Moving to the corner of the room one finds a basic Victorian spindle back rocker. To the right of the rocker is an item that has found its way back to the house: The sea chest of John R. Mather which has been donated to us for display. Above the sea chest are items of curiosity under glass that ships captains have brought back from a long voyage: a tropical stuffed bird, stuffed ducklings and a wedding basket of shells. This was an era of great curiosity and scientific discoveries from Darwin to Lamarck. Many ships went on a cruise with a naturalist on board. These treasures would have supplied many a story in a similar front parlor after a captains glorious return.                                                                                            

This beautiful piece is the medicine cabinet from the schooner Palestine. I apologize for the picture but due to the placement of the piece I was not able to get a good, non-sun picture. Again, it is best viewed in person. We have a larger display of the schooner in the library. Since this cabinet could not fit in that display we have it as a stand-alone. We also have another ships cabinet in the sail loft. The schooner sunk in 1956 and yet the cabinet is wonderfully preserved. It is made of oak with leaded glass panes displaying the ships logo: shield and cross emblem.                                                                                                    

As we move around the room we come to the display case that houses Davis's paint supplies. The tools of the trade of a Victorian artist. Atop this case we have a copy of the book of his artwork put together by the Historical Society. To the right of the display case is a chair and table - better viewed in the first picture of this blog - which Davis himself had made. This was his painting chair that he used when he was hard at work at his easel. In that same first picture one can see an R. S. Williams parlor organ with Davis paintings book-ending it on the wall.
Again I apologize for the quality, or lack thereof, of the photos, camera phone, but as I have stated before if one does not like them then one can always come on down and see for oneself! The painting on the top is of a schooner - a typical sight in the harbor. The painting below is titled "Harbor Light, Bridgeport, Conn." A familiar sight to Davis and Port Jeffersonian's at the time as much as it is today as well as a familiar sight for all our wonderful visitors from Connecticut.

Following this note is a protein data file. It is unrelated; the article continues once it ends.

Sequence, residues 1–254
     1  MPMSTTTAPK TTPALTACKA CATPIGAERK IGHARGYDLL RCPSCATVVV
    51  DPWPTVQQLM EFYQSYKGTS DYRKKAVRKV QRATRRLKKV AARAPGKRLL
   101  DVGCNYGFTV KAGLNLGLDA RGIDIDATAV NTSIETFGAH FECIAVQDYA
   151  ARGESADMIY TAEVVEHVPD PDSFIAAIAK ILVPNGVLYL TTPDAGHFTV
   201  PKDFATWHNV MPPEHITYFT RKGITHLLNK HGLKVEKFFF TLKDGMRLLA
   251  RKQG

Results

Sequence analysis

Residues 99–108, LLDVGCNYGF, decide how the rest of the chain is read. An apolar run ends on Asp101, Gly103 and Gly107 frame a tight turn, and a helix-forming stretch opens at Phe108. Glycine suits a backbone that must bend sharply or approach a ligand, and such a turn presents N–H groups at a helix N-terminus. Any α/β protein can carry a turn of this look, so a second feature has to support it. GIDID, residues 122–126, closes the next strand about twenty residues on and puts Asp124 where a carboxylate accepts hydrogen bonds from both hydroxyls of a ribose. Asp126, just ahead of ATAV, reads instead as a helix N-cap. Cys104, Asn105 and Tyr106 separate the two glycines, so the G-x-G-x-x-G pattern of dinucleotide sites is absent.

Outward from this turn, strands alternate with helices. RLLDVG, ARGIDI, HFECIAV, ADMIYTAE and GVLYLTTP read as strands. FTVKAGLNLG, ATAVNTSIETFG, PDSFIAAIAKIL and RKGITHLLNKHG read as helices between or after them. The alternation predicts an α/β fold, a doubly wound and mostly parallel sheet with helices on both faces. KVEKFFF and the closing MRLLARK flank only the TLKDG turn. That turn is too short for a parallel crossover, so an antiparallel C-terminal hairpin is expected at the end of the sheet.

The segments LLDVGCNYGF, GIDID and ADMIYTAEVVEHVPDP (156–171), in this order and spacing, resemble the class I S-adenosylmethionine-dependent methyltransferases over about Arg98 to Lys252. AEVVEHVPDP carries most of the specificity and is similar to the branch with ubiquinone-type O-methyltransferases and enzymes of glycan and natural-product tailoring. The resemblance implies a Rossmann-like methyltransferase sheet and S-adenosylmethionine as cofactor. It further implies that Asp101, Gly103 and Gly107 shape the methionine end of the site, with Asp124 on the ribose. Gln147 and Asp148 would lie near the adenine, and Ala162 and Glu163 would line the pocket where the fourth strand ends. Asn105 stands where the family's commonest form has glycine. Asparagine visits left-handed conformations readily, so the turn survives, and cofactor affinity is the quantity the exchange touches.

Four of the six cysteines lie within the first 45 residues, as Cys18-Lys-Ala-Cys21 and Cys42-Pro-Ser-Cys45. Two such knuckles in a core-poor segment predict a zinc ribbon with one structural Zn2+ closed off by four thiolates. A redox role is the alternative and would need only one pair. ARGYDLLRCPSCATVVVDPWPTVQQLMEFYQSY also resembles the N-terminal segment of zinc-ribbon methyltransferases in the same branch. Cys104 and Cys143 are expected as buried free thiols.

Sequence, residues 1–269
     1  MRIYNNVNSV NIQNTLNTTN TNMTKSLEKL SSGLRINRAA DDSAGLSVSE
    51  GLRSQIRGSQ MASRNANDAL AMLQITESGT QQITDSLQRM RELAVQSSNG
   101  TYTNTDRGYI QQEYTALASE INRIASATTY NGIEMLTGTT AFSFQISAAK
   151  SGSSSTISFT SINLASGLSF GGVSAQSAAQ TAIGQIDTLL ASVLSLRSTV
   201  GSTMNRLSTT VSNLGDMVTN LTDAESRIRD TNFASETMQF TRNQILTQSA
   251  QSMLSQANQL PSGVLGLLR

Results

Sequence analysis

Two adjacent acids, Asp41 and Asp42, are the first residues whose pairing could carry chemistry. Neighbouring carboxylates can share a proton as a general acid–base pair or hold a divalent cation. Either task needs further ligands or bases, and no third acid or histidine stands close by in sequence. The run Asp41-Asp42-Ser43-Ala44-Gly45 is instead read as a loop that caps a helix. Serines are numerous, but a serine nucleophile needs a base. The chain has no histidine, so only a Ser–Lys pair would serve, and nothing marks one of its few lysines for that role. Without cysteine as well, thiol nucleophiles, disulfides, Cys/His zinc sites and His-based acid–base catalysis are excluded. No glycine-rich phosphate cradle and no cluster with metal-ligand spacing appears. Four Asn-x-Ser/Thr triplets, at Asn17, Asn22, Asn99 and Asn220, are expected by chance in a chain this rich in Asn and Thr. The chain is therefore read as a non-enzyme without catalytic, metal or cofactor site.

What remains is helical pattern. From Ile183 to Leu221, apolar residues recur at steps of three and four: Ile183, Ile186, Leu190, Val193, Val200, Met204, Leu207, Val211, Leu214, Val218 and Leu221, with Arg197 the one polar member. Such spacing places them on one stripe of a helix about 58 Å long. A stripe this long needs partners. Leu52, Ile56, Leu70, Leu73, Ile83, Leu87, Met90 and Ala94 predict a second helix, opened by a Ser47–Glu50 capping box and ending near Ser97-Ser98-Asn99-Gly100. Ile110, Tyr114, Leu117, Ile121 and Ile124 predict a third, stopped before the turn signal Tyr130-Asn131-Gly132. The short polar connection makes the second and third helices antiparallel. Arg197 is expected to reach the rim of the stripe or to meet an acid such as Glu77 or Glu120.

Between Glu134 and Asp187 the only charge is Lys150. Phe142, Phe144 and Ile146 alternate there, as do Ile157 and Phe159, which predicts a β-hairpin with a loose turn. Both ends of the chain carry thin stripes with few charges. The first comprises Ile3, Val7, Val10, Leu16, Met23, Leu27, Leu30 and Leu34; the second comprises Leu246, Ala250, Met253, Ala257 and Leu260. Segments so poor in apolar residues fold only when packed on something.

Moving to the paintings to the right of the organ we find one titled "Sharpie Race on Port Jefferson Harbor," by Davis. Port Jefferson was a racing town. Yacht races became popular in Port in the 1880's and these light craft sharpies provided residents with many exciting afternoons. Below this is a painting of the "Liars Club." There is no solid information on this club in Port aside from this unique painting. There were other clubs at the time in other locations in the United States. What the club would do is plug a watermelon with vodka or another festive spirit and the gather around and take turns telling the most believable lie. This is in the spirit of the great Mark Twain. We are, after all, the land of Paul Bunyan, Mike Fink and Johnny Appleseed. Americans were born with a tall-tale on their lips. Some clubs would have prizes but the most coveted prize would be the prestige and honor of being the King of the Liars. All in all a very American club. After all, would we lie?                                                                                 

Next we come to the beautiful, and original, fireplace. If the kitchen is the heart of the house then the fireplace is the soul where we stoke the passionate fires within. As with all of the fireplaces in the house it is a shared chimney. On the other side of this is the library with its fireplace. The fireplace is black marble with an elaborate iron fire screen. On the mantle are the photos of the master and mistress of the house. I will have a more detailed history of the Mather's in the future so for now an introduction will have to suffice. On the left if John R. Mather and on the right his lovely bride Sarah Jane (Wells) Mather. Together they had three children: Sarah Jane - not at all confusing - known as Sadie, Irene Willse - all we know is that she was an invalid, and John Titus. 
Whetting ones appetite for the Spinney clock collection, which I will explore in detail after all of the posts of the house, is this beautiful Tall Case Clock or grandfather clock. A beautiful piece by A. Miller of Easton Pa, with a walnut veneer. Abraham Miller was an active clock maker in Easton from ca. 1810 - ca. 1830. To the right of the clock are antique canes that we have. What is not shown is my favorite cane. An elaborate cane which belonged to John Titus, one of the few Mather items that we are lucky enough to possess. 
Finally, to the right of the door that brings us to the library are my two favorite Davis paintings. The images seem to shimmer, almost a chromatic feel. One can see the sun glistening off the water. The painting brings the viewer into the scene. I have spent many a down time gazing into these brilliant works of art. 
And this is just the parlor! Next stop the library!

No comments:

Post a Comment